China stops airline terror attack
China claims it has stopped two terrorist attacks "including one targeting the Summer Olympic Games" conducted by Muslim separatists from northwest China. CNN reports:
The flight had taken off from Urumqi, the capital of the Xinjiang Uygur Autonomous Region. The militants' attempt to hijack the plane was foiled by the flight crew, the official said.
Wang Lequan, chief of the Xinjiang regional committee of the Communist Party of China, said the government was prepared to strike against the "three evil forces" in the region: terrorists, separatists and extremists.
The LA Times, explains the Chinese success at preventing their equivalent of a September 11 attempt in this way:
China has certain advantages against extremists, analysts said. As a police state with a system of watchful neighborhood officials and a largely homogenous population, outsiders tend to stand out. Gaining access to enough materials needed to mount a dramatic terrorist incident, such as the fertilizer used in the 1995 Oklahoma City bombing or the aircraft used on Sept. 11, 2001, would also be more difficult than in a relatively open society, analysts said.
Furthermore, the Chinese government has few qualms about suspending civil liberties, denying access or acting without explanation, warrants or other steps expected in a democracy.
The LA Times aside on the advantages enjoyed by a dictatorial state like China in fighting terrorism is really an unconscious admission of disruptive role they believe free speech should play in a democratic society. But why should it be so? Is it necessarily true that one must choose between free speech, privacy and due process on the one hand and security on the other?
Free and law abiding Western societies were in the past better able to suppress terrorism than most dictatorships. During World War 2 for example, the FBI was able to squelch Axis sabotage at a far lower level of repression than the Gestapo or NKVD could manage in Germany or Russia. Even Britain, far closer to existential danger than the United States, never needed the controls commonplace in the German homeland. Yet despite this the British rounded up practically every German agent worth the name, and were able to keep even a huge operation like Overlord secret from the Nazis.
Thus the LA Time's uncritical assumption that democracy equals more vulnerability to terrorism is not self-evidently true. One of the traditional advantages of a democracy in former times over a tyranny was its ability to operate through culture rather than coercion. Democracies were in the past able to mobilize the voluntary efforts of the citizenry in much more effective ways than police states. Culture enabled the America of World War Two send hundreds of thousands of men of Italian, German and even Japanese origin overseas to fight people of their ethnicity without any serious worry of treason.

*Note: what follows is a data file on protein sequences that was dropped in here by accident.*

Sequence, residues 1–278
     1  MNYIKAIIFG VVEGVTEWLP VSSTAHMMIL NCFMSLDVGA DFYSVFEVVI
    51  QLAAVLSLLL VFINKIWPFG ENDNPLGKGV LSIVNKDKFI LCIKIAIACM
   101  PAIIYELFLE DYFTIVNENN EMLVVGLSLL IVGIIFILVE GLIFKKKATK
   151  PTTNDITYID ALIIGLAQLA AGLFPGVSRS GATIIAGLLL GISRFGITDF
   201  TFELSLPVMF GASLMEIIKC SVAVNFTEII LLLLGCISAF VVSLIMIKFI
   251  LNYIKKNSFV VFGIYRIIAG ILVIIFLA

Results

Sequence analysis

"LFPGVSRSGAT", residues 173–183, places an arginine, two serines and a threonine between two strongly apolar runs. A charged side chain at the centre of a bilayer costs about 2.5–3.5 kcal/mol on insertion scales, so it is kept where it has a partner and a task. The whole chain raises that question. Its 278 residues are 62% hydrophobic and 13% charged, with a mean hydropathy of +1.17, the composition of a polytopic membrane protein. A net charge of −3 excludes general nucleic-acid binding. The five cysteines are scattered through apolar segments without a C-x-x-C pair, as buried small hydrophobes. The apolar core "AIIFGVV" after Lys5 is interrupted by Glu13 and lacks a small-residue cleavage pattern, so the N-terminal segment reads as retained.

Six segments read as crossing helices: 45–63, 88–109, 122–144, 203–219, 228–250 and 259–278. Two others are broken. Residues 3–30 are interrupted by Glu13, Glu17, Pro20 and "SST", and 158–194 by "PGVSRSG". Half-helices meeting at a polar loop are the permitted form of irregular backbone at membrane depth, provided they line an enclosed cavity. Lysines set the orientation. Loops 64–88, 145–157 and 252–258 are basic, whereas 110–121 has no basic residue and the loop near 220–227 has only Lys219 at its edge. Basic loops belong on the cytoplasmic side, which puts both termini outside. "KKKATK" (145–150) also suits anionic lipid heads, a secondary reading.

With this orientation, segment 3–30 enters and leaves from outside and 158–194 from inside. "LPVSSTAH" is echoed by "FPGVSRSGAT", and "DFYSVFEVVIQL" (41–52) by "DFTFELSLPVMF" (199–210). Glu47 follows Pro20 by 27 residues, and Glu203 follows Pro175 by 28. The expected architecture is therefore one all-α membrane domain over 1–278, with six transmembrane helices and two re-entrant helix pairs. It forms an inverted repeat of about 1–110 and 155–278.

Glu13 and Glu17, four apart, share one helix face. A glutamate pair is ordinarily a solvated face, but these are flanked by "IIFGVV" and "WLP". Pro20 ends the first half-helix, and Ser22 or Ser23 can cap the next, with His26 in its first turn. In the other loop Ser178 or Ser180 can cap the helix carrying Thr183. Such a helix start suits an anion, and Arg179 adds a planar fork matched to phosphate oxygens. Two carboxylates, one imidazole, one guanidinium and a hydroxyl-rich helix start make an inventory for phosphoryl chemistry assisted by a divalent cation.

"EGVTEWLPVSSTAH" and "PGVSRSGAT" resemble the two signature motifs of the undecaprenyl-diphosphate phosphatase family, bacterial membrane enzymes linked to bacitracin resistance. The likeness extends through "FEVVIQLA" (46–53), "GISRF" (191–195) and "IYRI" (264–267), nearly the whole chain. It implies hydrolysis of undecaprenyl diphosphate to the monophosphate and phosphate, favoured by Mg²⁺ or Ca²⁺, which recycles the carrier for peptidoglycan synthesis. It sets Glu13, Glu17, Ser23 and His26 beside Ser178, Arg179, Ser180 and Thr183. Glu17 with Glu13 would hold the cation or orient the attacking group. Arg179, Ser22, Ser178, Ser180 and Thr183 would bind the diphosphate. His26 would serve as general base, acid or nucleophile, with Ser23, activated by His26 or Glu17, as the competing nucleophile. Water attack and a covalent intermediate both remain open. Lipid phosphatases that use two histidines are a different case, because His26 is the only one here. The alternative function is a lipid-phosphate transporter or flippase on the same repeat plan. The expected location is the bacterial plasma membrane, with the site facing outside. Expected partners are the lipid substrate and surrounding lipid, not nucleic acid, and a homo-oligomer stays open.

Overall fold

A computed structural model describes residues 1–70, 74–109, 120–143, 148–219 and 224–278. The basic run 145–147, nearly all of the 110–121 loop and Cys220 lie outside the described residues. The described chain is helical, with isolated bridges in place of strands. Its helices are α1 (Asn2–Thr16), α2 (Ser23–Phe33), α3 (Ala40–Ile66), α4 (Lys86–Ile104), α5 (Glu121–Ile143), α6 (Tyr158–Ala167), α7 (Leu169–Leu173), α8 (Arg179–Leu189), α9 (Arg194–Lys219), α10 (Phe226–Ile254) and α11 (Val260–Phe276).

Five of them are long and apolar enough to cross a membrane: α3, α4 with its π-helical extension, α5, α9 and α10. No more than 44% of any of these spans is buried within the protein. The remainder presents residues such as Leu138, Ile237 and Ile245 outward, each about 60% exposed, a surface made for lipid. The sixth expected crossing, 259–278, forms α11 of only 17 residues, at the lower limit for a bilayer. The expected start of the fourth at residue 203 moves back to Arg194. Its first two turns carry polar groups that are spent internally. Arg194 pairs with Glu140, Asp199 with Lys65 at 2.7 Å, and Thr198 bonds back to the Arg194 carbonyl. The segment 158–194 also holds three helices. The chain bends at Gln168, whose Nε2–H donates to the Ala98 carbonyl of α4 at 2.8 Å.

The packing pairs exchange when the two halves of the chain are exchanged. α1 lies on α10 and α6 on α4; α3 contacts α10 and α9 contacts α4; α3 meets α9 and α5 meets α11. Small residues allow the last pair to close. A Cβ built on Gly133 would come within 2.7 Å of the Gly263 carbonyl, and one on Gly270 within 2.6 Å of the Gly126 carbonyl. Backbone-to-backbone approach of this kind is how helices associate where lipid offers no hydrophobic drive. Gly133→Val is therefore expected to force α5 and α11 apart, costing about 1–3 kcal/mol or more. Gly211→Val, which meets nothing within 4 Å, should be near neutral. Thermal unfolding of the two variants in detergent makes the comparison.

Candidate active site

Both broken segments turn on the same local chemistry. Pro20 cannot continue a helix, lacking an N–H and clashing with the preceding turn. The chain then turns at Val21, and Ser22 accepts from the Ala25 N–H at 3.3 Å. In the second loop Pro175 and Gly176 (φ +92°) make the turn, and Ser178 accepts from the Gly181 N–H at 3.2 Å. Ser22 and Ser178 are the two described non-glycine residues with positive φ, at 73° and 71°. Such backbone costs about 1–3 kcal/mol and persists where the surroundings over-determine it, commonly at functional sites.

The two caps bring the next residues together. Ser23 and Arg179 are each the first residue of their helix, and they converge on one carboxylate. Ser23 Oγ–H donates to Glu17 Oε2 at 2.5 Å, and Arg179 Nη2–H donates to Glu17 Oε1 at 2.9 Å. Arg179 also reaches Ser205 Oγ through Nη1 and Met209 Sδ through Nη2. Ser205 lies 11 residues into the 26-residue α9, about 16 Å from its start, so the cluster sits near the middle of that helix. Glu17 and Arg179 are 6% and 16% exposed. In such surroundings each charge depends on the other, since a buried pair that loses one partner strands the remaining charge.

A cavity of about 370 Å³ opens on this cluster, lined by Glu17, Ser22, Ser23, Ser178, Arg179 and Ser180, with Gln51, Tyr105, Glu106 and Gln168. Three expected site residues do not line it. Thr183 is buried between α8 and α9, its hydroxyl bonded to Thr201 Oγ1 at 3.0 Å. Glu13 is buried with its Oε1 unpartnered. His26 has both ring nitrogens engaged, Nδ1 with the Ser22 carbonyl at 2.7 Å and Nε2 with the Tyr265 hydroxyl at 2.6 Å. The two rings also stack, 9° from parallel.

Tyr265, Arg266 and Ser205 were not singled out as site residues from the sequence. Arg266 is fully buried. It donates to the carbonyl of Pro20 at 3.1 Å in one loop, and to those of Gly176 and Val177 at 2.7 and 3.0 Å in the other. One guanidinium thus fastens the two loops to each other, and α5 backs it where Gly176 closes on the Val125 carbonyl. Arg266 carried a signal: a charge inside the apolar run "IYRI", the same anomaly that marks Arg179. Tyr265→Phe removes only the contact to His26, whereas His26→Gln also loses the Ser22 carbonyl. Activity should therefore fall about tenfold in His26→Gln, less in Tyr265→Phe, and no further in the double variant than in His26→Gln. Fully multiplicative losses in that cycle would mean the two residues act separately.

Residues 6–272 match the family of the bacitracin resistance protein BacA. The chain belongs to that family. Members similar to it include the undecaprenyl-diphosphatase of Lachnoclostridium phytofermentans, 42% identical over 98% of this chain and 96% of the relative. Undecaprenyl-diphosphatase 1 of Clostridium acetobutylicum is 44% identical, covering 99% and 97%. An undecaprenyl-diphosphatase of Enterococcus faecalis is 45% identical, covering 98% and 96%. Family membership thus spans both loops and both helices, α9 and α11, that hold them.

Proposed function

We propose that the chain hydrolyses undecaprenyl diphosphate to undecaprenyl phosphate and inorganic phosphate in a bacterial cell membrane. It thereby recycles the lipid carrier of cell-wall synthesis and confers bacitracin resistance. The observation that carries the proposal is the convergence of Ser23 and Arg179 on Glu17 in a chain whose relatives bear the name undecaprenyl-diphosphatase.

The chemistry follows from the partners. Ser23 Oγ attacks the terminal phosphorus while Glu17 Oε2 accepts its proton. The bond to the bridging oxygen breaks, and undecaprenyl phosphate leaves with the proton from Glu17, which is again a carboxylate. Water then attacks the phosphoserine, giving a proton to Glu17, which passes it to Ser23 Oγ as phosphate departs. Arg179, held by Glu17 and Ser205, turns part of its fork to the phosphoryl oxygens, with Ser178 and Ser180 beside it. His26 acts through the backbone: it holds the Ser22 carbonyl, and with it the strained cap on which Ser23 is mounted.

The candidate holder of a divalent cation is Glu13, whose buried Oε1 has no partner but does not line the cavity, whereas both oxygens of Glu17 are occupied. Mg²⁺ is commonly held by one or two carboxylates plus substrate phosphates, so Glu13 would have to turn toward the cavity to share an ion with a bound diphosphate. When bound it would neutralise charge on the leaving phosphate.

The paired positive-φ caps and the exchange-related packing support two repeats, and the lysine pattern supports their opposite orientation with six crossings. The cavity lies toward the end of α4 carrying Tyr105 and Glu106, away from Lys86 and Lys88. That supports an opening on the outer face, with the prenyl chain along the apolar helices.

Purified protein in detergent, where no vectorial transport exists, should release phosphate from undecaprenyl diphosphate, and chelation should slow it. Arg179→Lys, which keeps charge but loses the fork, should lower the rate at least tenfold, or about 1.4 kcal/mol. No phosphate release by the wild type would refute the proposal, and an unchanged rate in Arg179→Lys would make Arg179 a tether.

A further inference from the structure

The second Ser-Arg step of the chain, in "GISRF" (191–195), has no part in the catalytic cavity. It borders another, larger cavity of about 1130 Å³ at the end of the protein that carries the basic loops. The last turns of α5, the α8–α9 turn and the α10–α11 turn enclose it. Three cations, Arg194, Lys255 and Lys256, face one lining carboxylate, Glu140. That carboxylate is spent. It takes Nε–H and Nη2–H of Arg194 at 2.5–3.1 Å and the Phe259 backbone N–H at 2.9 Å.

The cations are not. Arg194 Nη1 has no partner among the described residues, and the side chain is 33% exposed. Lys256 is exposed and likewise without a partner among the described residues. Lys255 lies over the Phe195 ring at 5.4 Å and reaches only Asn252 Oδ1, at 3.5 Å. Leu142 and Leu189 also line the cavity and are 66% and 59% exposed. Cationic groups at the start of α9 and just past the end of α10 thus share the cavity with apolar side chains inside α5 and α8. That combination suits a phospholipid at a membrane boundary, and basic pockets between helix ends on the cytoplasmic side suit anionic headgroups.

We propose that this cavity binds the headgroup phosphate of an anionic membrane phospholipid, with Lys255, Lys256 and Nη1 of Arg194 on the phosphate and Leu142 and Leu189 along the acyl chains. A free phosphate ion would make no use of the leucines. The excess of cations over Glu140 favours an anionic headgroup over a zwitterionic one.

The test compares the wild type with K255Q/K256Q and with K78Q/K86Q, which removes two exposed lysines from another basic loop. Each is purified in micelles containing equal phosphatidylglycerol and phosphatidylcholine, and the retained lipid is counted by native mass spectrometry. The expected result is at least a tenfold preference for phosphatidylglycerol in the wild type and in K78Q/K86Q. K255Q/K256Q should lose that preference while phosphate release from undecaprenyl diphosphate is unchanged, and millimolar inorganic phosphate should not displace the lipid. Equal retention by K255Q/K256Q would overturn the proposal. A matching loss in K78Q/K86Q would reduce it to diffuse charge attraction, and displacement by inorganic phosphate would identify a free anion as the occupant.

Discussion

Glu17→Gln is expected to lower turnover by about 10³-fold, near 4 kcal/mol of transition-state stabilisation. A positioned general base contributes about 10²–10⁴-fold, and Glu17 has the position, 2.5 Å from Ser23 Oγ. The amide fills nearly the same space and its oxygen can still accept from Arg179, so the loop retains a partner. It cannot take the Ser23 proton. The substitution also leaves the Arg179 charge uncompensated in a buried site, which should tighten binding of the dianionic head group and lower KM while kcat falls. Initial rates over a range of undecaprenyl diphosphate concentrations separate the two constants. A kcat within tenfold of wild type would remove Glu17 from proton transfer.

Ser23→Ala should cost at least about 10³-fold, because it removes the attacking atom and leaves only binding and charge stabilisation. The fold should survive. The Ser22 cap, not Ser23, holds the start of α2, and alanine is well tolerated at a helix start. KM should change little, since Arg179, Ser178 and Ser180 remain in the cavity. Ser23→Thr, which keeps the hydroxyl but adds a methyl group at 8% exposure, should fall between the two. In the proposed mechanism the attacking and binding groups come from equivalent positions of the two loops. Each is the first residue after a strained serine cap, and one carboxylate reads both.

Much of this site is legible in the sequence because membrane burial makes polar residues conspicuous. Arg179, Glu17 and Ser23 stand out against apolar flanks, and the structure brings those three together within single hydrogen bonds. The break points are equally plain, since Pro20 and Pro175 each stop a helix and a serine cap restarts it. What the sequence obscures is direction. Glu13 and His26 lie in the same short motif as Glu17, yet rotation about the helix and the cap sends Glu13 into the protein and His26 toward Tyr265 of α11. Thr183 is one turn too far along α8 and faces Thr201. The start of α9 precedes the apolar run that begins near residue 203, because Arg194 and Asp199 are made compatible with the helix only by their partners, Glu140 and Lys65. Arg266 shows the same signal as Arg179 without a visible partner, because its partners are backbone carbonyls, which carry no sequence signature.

Today, despite the massive expansion of its state, Britain found an al-Qaeda sleeper cell in Scotland Yard. "The four were identified by the paper as Londoners of subcontinental background, working in different police stations around the British capital." Somewhere along the line the engine of culture -- the bonds of shared values that would have sniffed these traitors out -- was turned off. And in that vacuum of loyalty some members of the press and the bar may even now be rushing off to defend these al-Qaeda sleepers in the genuine belief that in doing so they are serving, not extremism or intolerance, but liberty.
The mistaken supposition that Democracy equals weakness should be challenged on its first principles. Democracies are only vulnerable when its features are used to restrict society rather than to empower it. If the past ideal was a citizen who acted without being told; today it is not to act unless explicitly told. Order has become alles in ornung in the politically correct sense. But the West hasn't arrived at this inversion by accident. For too long chains have been marketed under the name of liberty. 'Promoting tolerance', for example, is now a code word for restricting speech. 'Academic freedom' now too often means that no dissent is allowed on campus. 'Punishing those who break the law' now connotes lawsuits against telecommunications companies which have voluntarily cooperated with Federal authorities to wiretap terrorism suspects.
But the real benefit of this switcheroo is that the public can eventually be persuaded to believe that freedom is dangerous; that a real trade-off exists between democracy and safety; when in reality it is a false choice between a kind of wooley-headed socialism and safety. In the end the perpetrators of this swindle may be able to persuade the public that it's really safer to be like China than like America. And eventually get that way by the high or low road.
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